• Might sound cliché but #1 is the ability to learn from your failures. There are very few people who succeed after the very first attempt. The most important thing is to learn from your mistakes and try again and again.
• Surround yourself by people who are smarter than you and treat them with respect so you all feel comfortable working as a team.
• Don’t fall in love with your idea. Share it, prototype multiple times and use the feedback to make it better.
You have had a lot of experience in marketing and social media through your position at the British Council. Do you think that social media has a strong impact on social change?
I am a firm believer that when used wisely social media can spark big social changes. Just think about the Ice Bucket Challenge that helped to fund a breakthrough in ASL treatment. There is no way a campaign like that could be possible without Facebook and Twitter.
But I’ve also seen big social media failures when significant funds were invested in creating viral videos or hiring social media managers who were just chasing the number of posts but not their quality. You need to be smart not to alter the initial message. In the end of the day, social media is just a channel of communication. Arab Spring, for example, a renowned product of social media, has failed miserably. It demonstrated that it is also important to think about how to maintain the changes that social media helps to create. Personally, I’d like to see social media not as a tool that leads protesters to the streets and city squares but as a way of igniting systematic peaceful change. Primarily, it means highlighting good stories and making positive examples of problem solving go viral.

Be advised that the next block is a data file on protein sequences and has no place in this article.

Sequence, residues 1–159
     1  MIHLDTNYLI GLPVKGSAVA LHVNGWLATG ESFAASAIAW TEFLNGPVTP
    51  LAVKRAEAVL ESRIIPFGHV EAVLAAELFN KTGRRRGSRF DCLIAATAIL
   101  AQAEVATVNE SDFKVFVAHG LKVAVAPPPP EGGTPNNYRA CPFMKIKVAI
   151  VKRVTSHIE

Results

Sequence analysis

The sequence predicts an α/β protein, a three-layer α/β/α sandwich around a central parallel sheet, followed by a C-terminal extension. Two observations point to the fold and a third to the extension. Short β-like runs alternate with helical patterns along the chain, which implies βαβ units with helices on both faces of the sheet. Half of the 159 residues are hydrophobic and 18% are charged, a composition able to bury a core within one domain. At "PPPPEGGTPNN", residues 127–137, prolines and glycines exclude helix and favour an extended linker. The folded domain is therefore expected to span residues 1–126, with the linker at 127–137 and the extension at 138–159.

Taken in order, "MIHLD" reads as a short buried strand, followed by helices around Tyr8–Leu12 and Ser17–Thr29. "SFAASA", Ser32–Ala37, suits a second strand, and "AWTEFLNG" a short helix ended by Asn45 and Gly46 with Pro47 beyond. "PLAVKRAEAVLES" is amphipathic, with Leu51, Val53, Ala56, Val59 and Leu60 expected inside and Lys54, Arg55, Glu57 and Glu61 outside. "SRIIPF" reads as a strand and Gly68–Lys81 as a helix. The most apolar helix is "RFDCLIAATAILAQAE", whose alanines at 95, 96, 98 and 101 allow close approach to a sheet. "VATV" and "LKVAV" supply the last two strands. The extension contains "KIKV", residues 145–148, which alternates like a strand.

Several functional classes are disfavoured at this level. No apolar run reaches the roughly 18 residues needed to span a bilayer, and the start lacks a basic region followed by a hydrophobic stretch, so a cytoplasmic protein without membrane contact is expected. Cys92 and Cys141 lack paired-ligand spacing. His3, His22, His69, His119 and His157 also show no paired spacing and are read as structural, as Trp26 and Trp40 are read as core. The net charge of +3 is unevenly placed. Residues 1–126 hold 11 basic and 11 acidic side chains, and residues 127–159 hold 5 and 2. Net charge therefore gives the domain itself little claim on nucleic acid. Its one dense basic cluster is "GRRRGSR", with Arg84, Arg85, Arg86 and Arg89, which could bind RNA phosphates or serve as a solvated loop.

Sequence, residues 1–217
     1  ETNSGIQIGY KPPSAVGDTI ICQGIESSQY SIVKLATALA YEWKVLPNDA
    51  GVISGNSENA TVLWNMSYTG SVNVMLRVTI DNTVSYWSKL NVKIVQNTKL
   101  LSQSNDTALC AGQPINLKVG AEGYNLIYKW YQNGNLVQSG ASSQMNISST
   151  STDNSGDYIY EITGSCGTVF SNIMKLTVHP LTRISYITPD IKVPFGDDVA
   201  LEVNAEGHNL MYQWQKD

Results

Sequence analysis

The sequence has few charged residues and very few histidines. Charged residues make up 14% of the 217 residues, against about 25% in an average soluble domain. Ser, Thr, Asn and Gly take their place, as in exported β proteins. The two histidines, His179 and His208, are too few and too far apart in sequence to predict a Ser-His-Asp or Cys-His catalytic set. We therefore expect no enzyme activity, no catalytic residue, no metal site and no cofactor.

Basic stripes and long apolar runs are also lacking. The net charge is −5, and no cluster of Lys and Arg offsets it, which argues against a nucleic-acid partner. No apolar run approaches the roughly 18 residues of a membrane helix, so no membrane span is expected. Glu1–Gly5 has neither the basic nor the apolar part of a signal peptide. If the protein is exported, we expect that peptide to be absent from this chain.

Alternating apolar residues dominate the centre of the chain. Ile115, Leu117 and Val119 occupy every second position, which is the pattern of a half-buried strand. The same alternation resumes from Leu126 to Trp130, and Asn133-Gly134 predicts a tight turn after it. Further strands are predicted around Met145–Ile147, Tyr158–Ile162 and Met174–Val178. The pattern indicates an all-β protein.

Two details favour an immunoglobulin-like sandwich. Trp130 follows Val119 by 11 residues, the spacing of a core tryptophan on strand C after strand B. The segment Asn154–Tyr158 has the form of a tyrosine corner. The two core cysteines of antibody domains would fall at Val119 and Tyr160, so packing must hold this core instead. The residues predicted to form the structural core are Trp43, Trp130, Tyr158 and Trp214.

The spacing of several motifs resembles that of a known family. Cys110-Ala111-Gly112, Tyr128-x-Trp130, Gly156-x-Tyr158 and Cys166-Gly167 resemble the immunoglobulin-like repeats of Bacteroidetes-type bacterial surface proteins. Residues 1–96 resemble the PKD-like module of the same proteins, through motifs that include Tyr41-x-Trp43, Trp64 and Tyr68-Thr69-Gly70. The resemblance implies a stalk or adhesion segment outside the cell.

When and how did you get involved with Unreasonable Institute?
I met the Unreasonable team at Unreasonable drinks. It is a wonderful monthly event that brings together truly remarkable individuals, community leaders and friends of the Unreasonable. I was invited as one of the Watson University scholars. Watson University is a semester long accelerator in Boulder for student innovators, leaders and entrepreneurs that includes mentorship from the world’s foremost leaders, entrepreneurs, and thinkers. At the event, I had the chance to pitch the MDC International idea in front of a very bright crowd.